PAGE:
3. Results of Measurements

[7]  During the period of measurements from 31 March to 14 April 2004 several chromospheric flares occurred on the Sun (the data are taken from ftp://ftp.ngdc.gov/stp/solar.data). The strongest of them were observed in the following moments and were characterized by the following fluxes of the X-ray radiation in the 1-8 Å range: (1) beginning on 5 April at 0533 UT, maximum at 0555 UT, end at 0614 UT, the flux 0.028 erg cm-2 s-1; (2) beginning on 6 April at 1230 UT, maximum at 1328 UT, end at 1344 UT, the flux 0.032 erg cm-2 s-1; (3) beginning on 8 April at 0953 UT, maximum at 1019 UT, end at 1047 UT, the flux 0.015 erg cm-2 s-1; and (4) beginning on 11 April at 0354 UT, maximum at 0419 UT, end at 0435 UT, the flux 0.013 erg cm-2 s-1.

Figure 1
[8]  Figure 1 shows time-altitude dependence of the amplitude of the reflected extraordinary wave Ax and electron concentration Ne in the ionospheric D region during the flare on 5 April 2004. The flare duration is shown in Figure 1 by the segment of direct line. The values of the electron concentration were found using 5-min averaging and the inverse function. Figure 1 shows that during the flare at heights of the D and E regions there occurs a considerable depletion of the intensity of the radio echo of extraordinary polarization. The electron concentration in the lower ionosphere increases.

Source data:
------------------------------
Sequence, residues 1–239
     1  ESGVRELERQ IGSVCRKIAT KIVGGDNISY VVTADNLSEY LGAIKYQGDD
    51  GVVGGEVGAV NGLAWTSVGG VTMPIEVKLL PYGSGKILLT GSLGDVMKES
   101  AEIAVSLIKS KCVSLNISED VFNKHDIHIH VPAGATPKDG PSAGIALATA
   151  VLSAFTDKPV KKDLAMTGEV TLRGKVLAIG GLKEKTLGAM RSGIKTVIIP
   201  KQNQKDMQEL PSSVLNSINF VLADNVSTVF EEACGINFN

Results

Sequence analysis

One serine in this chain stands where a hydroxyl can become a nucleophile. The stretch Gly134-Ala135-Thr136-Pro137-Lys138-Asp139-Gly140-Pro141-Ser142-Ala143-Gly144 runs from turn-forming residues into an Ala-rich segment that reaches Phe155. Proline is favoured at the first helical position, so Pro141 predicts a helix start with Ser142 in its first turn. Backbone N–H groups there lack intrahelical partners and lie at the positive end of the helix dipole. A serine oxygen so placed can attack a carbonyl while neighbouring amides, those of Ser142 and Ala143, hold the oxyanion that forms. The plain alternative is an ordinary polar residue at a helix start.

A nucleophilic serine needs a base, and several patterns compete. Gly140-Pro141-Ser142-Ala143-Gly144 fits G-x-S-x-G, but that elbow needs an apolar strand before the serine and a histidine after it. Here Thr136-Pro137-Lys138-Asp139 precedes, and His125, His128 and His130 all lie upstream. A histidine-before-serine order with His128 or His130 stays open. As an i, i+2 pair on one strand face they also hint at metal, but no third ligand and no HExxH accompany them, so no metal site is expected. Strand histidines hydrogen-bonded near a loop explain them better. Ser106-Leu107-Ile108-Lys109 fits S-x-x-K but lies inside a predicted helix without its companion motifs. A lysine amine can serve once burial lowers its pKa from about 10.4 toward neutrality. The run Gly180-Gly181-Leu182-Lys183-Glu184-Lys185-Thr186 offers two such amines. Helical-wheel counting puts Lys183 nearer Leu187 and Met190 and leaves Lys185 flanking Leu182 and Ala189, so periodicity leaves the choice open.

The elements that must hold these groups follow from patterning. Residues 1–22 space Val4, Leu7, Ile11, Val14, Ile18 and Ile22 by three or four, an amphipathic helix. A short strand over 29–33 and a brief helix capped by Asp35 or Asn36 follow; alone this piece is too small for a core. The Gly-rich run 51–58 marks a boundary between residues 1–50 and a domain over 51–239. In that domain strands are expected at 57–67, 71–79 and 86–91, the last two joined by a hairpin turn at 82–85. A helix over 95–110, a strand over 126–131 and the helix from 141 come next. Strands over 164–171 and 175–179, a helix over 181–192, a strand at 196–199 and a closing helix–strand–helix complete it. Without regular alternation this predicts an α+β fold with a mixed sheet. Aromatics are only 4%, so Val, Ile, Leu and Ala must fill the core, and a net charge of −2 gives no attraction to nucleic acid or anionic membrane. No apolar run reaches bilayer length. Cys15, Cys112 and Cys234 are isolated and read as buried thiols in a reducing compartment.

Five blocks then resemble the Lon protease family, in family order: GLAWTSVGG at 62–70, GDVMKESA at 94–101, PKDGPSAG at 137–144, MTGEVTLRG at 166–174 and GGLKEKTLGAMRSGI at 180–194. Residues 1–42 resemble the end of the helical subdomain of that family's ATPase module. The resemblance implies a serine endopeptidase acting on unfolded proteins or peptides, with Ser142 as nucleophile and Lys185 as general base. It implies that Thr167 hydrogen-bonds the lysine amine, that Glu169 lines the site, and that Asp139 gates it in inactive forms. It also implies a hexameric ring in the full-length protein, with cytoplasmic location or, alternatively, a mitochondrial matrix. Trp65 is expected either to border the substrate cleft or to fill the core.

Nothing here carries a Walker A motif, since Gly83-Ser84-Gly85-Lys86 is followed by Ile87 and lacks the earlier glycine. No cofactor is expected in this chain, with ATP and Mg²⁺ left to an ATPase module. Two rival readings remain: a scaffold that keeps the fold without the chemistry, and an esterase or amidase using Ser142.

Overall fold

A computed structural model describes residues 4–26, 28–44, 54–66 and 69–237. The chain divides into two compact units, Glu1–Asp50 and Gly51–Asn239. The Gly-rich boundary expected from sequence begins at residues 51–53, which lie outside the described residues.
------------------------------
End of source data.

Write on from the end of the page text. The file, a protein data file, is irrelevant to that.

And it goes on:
[9]  The measurements period was characterized by fairly high solar and geomagnetic activity. Because of this the majority of days in Tumanny town was characterized by auroral disturbances. Only 2 April and 14 April were quiet days and that made it possible to use these days for the comparison.

Figure 2
[10]  Figure 2 illustrates the influence of the M-class solar flare on the structure of the D region of the polar ionosphere. The values of the electron concentration were obtained with 1-min averaging. Dashed curves in Figure 2 show the time profile of the solar X-ray radiation (according to the data of the GOES 10 satellite). The maximum values of the flux on 5 April were 2.9 times 10-6  W m -2 and 1.63 times 10-5 W m-2 in the ranges 0.5-3 Å and 1-8 Å, respectively. Figure 2 shows that the flare produced a considerable increase in the electron concentration at altitudes below 85 km. The increase of the electron concentration was accompanied by changes in the lower ionosphere structure, in particular, by appearance of a two-layer region of additional ionization observed during 40 min. The time behavior of the additional ionization corresponded to the variations in the intensity of the X-ray radiation of the flare in the ranges 0.5-3 Å or 1-8 Å. Calculations of the electron concentration profiles based on theoretical models of the ionization [Smirnova et al., 1988] before and during the flare in question confirm the statement that the effect of sudden ionospheric disturbances in the D region is actually caused by the solar hard X-ray radiation.

Figure 3